Wash. Native American Tribe Recognizes Marriage Equality
The Colville Tribal Council of the Confederated Tribes of the Colville Nation voted overwhelmingly on Thursday to recognize same-sex marriages, according to The Wenatchee World. The ruling will extend to all of the tribe's more than 9,300 members, about half of whom live on the Colville Reservation in north-central Washington State, according to the World.
Council chairman Michael Finley told the paper that the tribe has long recognized and respected LGBT identities, usually referred to as two-spirit in the tribal vernacular. Last week's vote means two-spirited Colvilles will be treated equally and with respect, Finley said. The tribe had already permitted members in same-sex partnerships to add their spouse to their insurance and other benefits plans.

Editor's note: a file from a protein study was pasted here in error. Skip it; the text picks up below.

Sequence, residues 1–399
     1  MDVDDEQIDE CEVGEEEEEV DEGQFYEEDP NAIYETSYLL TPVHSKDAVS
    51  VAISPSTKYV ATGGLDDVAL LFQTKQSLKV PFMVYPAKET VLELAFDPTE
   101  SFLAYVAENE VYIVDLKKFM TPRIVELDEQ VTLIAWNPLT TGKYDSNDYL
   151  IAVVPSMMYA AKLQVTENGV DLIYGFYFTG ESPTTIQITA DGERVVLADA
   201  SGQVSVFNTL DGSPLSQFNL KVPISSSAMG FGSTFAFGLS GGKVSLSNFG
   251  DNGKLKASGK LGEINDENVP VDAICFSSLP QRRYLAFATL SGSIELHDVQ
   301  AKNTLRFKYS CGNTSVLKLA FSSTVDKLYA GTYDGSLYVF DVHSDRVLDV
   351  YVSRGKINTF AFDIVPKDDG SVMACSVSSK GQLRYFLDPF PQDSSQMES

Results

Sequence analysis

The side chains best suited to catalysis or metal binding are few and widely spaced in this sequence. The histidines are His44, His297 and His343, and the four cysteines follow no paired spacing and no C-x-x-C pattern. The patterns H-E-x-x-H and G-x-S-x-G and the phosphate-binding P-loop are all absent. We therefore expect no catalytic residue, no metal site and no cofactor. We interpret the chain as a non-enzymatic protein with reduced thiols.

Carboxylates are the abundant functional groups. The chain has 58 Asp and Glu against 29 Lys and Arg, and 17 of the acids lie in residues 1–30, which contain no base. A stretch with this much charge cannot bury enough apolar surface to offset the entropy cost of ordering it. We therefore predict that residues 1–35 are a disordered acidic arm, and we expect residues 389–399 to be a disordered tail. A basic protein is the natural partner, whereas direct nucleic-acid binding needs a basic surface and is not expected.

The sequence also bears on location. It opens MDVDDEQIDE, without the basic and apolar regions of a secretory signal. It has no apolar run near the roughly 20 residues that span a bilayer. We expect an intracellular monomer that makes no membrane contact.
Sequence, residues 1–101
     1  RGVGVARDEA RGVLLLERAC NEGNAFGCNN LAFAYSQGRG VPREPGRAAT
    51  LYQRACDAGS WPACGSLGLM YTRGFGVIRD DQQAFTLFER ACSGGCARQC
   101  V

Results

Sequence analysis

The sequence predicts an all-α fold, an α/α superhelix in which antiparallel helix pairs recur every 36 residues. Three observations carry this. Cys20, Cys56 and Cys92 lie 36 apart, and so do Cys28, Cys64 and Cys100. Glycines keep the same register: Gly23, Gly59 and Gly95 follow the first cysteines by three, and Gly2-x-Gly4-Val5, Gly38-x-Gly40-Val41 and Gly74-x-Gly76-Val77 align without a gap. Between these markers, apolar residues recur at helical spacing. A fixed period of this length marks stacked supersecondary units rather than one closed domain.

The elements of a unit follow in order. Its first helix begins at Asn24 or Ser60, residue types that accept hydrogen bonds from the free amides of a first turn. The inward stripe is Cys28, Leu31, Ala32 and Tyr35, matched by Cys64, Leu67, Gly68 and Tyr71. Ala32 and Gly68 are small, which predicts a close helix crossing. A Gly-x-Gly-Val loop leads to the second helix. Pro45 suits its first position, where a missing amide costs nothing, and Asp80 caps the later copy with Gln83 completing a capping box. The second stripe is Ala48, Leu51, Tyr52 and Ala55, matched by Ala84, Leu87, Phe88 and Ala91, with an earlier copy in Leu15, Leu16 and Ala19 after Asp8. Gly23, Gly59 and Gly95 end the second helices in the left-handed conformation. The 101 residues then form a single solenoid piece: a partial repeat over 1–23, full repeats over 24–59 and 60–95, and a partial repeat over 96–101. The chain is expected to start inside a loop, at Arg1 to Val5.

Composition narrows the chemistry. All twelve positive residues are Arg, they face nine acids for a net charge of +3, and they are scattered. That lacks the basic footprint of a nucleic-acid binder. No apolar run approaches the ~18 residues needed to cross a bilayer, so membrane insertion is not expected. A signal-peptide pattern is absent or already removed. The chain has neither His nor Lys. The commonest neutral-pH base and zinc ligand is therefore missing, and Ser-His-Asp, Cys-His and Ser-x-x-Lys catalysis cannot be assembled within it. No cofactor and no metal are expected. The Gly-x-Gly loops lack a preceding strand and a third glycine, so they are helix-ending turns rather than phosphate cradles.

Although Washington State voters approved marriage equality last November, federally recognized Native American tribes are self-governed and aren't subject to state laws.
Several Native American tribes around the country have formally recognized same-sex marriages in recent years. In 2008 the Coquille Indian Tribe on the southern Oregon coast became the first Native American tribe to recognize marriage equality, and in 2011 the Suquamish Tribe in Suquamish, Wash., also approved marriage equality. In March of this year, the Little Traverse Bay Bands of Odawa Indians in Michigan also began to recognize same-sex marriages, when it oversaw tribe member Tim LaCroix's marriage to his now-husband, Gene Barfield. The Pokagon Band of Potawatomi Indians in Michigan and the Santa Ysabel Tribe of California also recognize same-sex marriages, bringing the total number of U.S. tribes with formal marriage equality to six, according to Equality on Trial.